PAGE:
Sunday, February 13, 2011

Computers for Dummies or Photoshop for Pros?

I am taking a photoshop course at the local college. The instructor is a lovely young woman and professional photographer. Prior to registering for the course, I spoke to her and asked how basic the information would be. She gave the appropriate response. People would be at various stages and could work at their own level. Even if some were more advanced, it wouldn't matter. I accepted this and registered.

Classes began. Last week, we were asked to bring our cameras. As everyone removed their hubble telescopes from their suitcases, I was trying to come up with an excuse to keep from unearthing the small Nikon from my purse. After looking around the room and noting that there were in fact a few people whose equipment was also dimensionally challenged, I produced my camera. As the instructor talked about settings, speed, f-stops, blurry foregrounds and backgrounds, I admired my automatic settings...the little face for closeups, the mountain for far away, the moon and stars for night shots, the dog for photographing...hmm...dogs? It was all I needed.
At yesterday's session, "retouching faces", I began working at my own level. After getting some help to turn on the computer, I entered my name and password. In fairness, the lights were off, my vision is old and it was too dark to see any kind of unmarked "on" button on a black computer. As I tried to access the Photoshop programme, the instructor began to talk about blowouts, RCB and opacity. I listened while searching for the correct programme. I looked for a handout which might contain this basic information and finding none, I continued to experiment. Why couldn't this be easy like my computer at home which has a Photoshop desktop icon? No such luck here and no info in my piles of notes. Nonetheless, I found the programme after my third try. Then I wondered whether I should go to to decipher the instructor's aforementioned terminology. I thought it better to listen and take profuse notes.

I scribbled as fast as I could for almost an hour, while attempting to watch an overhead screen to keep up. On this large screen, a photo of older woman's face was magically transformed with healing brushes, clone brushes, layers, eyedroppers, saturation, highlights, erasers and more. Her teeth were lassoed and whitened, skin evened, eyes brightened and wrinkles removed. Wrinkle removal? I was  listening even more intently. We then were shown how to use a marquis tool to move heads from one location to another and were shown how to shift the shape. "Select head, control C, over, then control B, select, copy, paste, lower opacity, erase, bring opacity up, final erasing, flatten layer, then save as....." I know this is accurate. I have no idea how to do it but I wrote it all down. I looked around the room and saw several other people with glazed over eyes.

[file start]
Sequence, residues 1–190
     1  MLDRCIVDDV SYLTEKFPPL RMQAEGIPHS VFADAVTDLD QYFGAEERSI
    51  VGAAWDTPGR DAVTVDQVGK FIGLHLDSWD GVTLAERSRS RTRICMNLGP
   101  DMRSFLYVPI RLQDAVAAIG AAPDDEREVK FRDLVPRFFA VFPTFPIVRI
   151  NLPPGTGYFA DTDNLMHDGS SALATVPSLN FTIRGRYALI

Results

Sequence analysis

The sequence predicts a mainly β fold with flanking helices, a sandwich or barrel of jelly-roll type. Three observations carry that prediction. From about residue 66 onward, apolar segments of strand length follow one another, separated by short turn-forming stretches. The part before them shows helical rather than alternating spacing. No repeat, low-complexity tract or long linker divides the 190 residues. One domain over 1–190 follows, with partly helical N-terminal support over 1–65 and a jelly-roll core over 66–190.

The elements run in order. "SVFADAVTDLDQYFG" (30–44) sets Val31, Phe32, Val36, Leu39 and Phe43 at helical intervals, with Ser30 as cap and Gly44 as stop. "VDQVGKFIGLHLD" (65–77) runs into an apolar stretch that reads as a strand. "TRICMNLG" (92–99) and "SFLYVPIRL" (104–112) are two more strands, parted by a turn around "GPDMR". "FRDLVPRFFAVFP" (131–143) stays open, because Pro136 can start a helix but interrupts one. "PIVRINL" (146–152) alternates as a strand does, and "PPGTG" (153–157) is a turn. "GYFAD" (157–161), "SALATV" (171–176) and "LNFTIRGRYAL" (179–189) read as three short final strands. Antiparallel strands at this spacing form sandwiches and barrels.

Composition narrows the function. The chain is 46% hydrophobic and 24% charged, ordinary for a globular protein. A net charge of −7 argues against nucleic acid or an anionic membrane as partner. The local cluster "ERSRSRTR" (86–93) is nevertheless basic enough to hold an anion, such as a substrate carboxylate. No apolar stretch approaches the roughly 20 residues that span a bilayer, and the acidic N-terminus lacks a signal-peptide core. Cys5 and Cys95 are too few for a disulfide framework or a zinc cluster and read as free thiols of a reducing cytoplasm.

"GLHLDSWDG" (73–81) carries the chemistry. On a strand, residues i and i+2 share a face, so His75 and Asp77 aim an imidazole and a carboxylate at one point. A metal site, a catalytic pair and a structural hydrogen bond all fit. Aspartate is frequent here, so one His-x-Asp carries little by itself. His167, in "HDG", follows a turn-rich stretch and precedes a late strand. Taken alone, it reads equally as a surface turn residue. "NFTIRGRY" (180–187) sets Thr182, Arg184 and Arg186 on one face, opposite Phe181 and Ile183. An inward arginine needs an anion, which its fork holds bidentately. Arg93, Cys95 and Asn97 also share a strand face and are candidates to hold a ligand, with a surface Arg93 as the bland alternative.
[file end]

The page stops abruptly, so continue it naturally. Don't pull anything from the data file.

Finally, it was  time to work on our own. I found a photo of myself and enlarged my face. Yikes! Scary at best, particularly when I couldn't get the magnifier to stop! I turned off the programme and started again. This time, I succeeded in stopping at 200%. After an extensive search of my face, I finally found a wrinkle I could attempt to remove. I tried to locate the "clone brush". There is no such thing, so I used the stamp...not bad if you don't mind white circles all over your photo. Next, I wanted to remove a stray hair which was blowing in the wind. Suddenly, I found myself depositing checkerboards everywhere  and what were those black globs where my hair should have been? I panicked, tried to erase but created more dark desposits. I looked around to see if anyone was watching and turned off the programme only to restart for a third time. At least I was locating Photoshop more quickly now. At this point, the instructor showed up to view my progress. She looked at my computer and curiously searched "history" to see what I'd done. Then she showed me how to create a "layer". I asked about the clone brush and was told, " Oh, it's a stamp. I forgot. You're doing well. Even if that's all you learn, it's o.k."